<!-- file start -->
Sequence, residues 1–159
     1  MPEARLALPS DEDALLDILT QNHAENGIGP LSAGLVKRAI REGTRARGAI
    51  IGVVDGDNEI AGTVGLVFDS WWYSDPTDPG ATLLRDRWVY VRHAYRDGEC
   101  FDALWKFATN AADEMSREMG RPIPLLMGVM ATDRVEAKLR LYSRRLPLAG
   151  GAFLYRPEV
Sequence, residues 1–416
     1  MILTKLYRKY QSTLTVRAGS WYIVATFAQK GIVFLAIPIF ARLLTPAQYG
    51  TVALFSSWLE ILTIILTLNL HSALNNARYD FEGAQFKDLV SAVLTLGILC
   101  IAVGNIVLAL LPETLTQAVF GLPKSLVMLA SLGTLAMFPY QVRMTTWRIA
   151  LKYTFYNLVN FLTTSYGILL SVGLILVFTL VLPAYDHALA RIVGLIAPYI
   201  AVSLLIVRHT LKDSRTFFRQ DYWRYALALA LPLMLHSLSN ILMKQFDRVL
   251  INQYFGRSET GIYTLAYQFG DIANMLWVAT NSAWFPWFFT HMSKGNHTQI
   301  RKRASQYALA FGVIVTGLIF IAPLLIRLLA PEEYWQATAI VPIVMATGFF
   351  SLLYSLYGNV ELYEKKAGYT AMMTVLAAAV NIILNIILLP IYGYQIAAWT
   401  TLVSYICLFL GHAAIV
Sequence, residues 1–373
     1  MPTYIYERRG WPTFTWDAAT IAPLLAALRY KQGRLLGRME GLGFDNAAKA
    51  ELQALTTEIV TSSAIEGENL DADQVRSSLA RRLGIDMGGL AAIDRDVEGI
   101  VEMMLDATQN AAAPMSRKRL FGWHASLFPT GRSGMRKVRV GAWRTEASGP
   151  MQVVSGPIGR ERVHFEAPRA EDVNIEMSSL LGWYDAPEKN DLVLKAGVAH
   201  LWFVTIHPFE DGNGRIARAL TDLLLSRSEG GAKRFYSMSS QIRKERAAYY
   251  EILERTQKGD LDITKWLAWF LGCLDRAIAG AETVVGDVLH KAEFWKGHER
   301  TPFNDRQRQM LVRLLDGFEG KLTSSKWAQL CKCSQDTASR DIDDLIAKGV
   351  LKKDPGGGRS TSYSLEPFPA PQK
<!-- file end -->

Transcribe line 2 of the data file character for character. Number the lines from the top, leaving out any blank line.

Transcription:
     1  MPEARLALPS DEDALLDILT QNHAENGIGP LSAGLVKRAI REGTRARGAI